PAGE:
The messages that a child, if adopted transracially or internationally, receives from the extended familial group of which the family is a part, from the community in which the family resides, and from the larger society are critically important. If these messages convey positive acceptance, the child's self-esteem will grow and flourish. If the messages are negative, the child will feel devalued, rejected and/or ostracized, and the life-long emotional impact can be devastatingly crippling.

VI. Conclusion

Will those, like The Institute for Justice, who lobbied successfully in the 1990s for enactment of federal legislation to eliminate all consideration of race from both foster care and adoption placement decision-making now support these Adoption Institute's recommendations? Will legal scholars who argued that same-race placement preferences discriminated against White prospective adopters and denied Black children in foster care an opportunity to be adopted now acknowledge that this argument was a strategy to abolish the "one-drop" rule in order to make the only *478 expanding "crop" of healthy biracial and mixed-blood babies being relinquished by White birth mothers available for adoption by waiting White applicants?

But more importantly, in order to truly serve the older African-American children in foster care waiting to be adopted, will there be a keen understanding that they are indeed "special need" youngsters? Being permanently separated from their birth families can be as traumatic as the original deprivations experienced prior to removal from the custody and care of their parents. These are children whose mental health has been compromised. They can be expected to have behavioral issues that create obstacles both to being able to successfully learn in school or to easily and consistently conform to the societal and cultural norms and expectations of an adoptive family residing in a community very different from the one in which they had been raised.

Since I have no crystal ball, I cannot answer these questions with any certainty. However, I do hope that my reflections spur readers to question the efficacy of the current prohibition against any consideration of race in making domestic placement decisions for African-American and other minority children in foster care waiting for permanent homes. I also hope that close attention will be given to the Adoption Institute's finding that the threat of enforcement sanctions for violation of MEPA-IEP's mandate has had the chilling effect of preventing the use of widely accepted "best practices" in adoption. When race and racial issues are "off the table," standard practices that are required in international adoption to assess a *479 family's readiness to adopt a child of another race or ethnicity and to consider a family's existing or planned connection with the child's racial or ethnic group do not occur. MEPA-IEP's prohibition on consideration of race in domestic adoption of African-American children handled by agencies receiving federal funds should be challenged and repealed as unconstitutional. Not only has it created a special status for African-American children whereby they do not receive equal treatment and services because agency workers are not able to utilize their skills appropriately, but it also operates like a "gag order" on adoption workers and other child advocates--infringing upon their First Amendment Right of free speech and their ability to use their full knowledge and training, consistent with the approved standards of the profession.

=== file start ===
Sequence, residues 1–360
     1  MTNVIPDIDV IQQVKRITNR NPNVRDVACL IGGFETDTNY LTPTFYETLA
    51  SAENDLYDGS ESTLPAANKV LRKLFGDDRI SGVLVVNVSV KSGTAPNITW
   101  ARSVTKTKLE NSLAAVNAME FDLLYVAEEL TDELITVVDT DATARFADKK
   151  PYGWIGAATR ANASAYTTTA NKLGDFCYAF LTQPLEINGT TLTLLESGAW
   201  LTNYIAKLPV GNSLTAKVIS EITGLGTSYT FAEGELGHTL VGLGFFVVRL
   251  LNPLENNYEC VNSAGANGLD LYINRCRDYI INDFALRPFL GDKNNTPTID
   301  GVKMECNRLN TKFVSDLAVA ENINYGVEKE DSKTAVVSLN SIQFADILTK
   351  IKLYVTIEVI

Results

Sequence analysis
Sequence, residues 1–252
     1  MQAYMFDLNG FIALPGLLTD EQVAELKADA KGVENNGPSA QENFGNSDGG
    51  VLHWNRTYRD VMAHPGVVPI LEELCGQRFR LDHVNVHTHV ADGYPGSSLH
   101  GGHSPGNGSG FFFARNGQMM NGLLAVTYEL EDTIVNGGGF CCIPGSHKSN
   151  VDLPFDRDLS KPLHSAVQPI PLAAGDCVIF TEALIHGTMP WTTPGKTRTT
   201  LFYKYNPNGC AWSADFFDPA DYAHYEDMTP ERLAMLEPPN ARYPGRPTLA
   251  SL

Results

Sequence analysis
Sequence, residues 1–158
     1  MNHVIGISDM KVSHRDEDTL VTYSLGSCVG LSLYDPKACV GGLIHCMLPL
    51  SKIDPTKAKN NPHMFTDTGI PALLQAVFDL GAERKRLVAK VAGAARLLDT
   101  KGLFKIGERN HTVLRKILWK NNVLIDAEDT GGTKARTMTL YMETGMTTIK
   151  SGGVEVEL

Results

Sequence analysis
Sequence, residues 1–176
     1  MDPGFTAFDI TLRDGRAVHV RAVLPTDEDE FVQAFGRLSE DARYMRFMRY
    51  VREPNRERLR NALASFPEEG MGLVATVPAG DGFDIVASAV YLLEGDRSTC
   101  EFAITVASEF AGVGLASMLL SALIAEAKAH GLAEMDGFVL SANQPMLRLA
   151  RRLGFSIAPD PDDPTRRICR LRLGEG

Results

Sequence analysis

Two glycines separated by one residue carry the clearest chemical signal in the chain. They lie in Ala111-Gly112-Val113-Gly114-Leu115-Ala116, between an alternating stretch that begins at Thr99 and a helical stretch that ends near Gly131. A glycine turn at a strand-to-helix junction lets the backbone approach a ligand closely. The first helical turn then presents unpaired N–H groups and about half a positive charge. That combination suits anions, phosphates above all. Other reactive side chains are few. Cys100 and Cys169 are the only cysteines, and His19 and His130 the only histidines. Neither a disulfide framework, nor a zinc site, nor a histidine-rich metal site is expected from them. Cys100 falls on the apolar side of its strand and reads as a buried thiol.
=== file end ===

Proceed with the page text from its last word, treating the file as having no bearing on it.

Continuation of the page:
While I applaud the work of the Adoption Institute for issuing the report calling for restoration of MEPA's original latitude to consider race so long as it was not the sole factor, I worry, however, that there is still no strong societal momentum to acknowledge the roles that poverty and the long history of discrimination against African Americans play in the large numbers of African-American kids in foster care. To break the cycle of poverty and dysfunction that is passed from generation to generation, we need to find more meaningful solutions than just foster care and adoption, which seem to be metaphorically like building a hospital at the bottom of the cliff instead of precautions at the top of the cliff. What is needed? Simply, (1) employment opportunities that pay enough to meet a family's basic needs, such as food, clothing, and shelter; (2) housing that is affordable and in neighborhoods with a range of basic social programs to support parents and families in rearing their children; and (3) educational systems that connect with youngsters through love and respect and motivate them to develop a sustained love of learning with equal emphasis on the arts, humanities, and sciences, so that once grown, they can be contributors to society. But alas, none of this will come to pass so long as unconscious racist presumptions and expectations embedded in the U.S. Supreme Court's 1856 Dred Scott v. Sandford decision persist among many Americans--namely, that Blacks have no needs, rights, nor privileges that Whites are required to respect.